By David Andolfatto, Vice President and Economist
U.S. employment remains depressed relative to where it stood prior to the recession of 2007-09. Some commentators suggest that no further recovery should be expected, arguing that current developments in the labor market are largely attributable to secular changes in demographics, such as an aging population.
If this view is correct, then one might reasonably expect Canadian and American employment rates to be roughly the same over long periods of time. This should especially be the case for U.S. states that share a border with Canada, as these states are the most similar to Canada in terms of their economic and demographic makeup.
The figure below plots the employment-to-population (working age) ratio for the U.S. and Canada. To control for factors related to secular changes in age and gender characteristics, we report the employment ratio only for “prime-age” males (ages 25-54). We divide the U.S. into two regions: border and nonborder states.1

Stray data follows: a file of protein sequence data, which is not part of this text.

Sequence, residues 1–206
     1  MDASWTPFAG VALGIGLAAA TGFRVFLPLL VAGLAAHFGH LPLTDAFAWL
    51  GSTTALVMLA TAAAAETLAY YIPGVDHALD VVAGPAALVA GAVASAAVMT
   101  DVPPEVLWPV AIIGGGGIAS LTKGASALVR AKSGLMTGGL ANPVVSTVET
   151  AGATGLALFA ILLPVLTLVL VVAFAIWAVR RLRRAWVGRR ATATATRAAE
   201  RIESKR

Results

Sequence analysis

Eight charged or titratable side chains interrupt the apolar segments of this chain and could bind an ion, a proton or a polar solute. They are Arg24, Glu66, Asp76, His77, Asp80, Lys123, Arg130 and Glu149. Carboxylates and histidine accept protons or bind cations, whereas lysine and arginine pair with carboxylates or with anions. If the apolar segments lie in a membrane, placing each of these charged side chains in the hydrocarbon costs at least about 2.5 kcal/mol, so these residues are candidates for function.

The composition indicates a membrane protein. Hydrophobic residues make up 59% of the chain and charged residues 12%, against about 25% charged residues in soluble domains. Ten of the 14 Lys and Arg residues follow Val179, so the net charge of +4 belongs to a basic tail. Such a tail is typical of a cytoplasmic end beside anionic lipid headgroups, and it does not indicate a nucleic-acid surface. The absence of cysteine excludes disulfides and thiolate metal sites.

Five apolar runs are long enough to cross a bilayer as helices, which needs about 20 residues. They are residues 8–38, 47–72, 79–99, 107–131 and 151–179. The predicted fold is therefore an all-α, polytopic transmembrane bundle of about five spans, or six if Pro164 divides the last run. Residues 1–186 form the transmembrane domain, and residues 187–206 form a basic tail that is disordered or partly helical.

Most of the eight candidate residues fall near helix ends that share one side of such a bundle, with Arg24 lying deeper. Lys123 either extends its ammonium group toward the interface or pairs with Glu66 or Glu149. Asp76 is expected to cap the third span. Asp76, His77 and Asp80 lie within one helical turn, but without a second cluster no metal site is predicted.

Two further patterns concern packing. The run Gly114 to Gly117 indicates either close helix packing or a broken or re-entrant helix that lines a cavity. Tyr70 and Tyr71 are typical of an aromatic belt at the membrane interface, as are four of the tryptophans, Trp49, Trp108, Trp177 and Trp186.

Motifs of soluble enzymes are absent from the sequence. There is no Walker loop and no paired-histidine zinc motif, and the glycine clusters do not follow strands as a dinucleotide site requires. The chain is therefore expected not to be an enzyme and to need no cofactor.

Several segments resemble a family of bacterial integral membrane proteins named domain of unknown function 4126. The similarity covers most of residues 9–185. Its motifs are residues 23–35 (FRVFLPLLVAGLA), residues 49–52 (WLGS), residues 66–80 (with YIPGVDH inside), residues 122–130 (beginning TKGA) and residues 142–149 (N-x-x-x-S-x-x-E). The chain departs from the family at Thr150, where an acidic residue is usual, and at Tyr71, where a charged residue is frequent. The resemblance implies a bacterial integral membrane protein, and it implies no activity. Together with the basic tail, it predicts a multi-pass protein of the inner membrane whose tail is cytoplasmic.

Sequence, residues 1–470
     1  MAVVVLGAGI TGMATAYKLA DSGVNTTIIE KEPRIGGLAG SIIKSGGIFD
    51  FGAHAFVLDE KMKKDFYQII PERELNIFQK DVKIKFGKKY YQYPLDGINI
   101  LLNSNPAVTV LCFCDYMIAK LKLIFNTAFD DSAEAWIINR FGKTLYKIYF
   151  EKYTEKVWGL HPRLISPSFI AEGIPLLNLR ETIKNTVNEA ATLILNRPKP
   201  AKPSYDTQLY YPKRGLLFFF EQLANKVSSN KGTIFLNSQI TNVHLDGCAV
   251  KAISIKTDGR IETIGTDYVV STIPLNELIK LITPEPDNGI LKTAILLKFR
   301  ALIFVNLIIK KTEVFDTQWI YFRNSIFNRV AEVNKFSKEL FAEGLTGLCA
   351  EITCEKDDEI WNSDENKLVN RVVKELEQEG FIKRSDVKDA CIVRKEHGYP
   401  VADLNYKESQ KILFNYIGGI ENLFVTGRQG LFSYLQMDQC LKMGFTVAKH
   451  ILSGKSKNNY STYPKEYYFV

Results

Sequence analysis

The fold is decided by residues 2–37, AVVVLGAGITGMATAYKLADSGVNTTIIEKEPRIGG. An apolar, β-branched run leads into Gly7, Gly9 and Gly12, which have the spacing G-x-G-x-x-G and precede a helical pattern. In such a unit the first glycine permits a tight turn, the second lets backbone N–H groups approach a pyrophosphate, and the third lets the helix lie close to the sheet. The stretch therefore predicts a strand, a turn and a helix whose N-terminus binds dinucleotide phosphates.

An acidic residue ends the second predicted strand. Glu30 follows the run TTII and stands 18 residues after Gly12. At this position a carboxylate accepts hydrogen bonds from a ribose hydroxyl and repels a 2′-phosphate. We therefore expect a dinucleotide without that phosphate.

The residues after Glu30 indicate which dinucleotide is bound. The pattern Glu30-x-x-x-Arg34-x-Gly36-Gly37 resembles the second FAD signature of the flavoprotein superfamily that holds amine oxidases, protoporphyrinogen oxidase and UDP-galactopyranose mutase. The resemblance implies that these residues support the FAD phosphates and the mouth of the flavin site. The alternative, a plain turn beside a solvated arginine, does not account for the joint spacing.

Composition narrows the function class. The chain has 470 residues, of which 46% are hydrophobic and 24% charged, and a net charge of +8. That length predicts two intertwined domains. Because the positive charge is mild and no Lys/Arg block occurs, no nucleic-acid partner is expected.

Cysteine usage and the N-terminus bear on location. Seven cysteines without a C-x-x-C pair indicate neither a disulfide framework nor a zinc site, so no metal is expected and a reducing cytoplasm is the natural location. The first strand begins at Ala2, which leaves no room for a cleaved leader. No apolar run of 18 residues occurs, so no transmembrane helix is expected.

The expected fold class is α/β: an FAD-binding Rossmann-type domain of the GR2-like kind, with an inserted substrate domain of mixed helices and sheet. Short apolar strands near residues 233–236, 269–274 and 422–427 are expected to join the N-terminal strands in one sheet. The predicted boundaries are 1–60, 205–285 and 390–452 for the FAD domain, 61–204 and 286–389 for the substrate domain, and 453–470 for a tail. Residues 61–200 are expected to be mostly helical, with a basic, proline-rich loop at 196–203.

The prime-age male employment ratio across both countries shows a modest secular decline over the sample period. The employment ratios in all regions averaged between 85 percent and 87 percent.
The cyclical behavior is quite different, with Canada experiencing a major recession in the early 1990s and the U.S. experiencing its major recession more recently. The Canadian prime-age male employment ratio is now at 85 percent, close to its historical norm. But the same is not true in the United States. In both border and nonborder states, the prime-age male employment ratio is less than 83 percent, far below its historical norm and significantly below its Canadian counterpart. The data presented here suggest that demographics are not the main driver behind the lackluster recovery in U.S. employment. The explanation is more likely to reside in economic policy and circumstances.
1 The border states in the U.S. are Washington, Montana, North Dakota, Minnesota, Wisconsin, Michigan, Ohio, New York, Vermont, New Hampshire and Maine.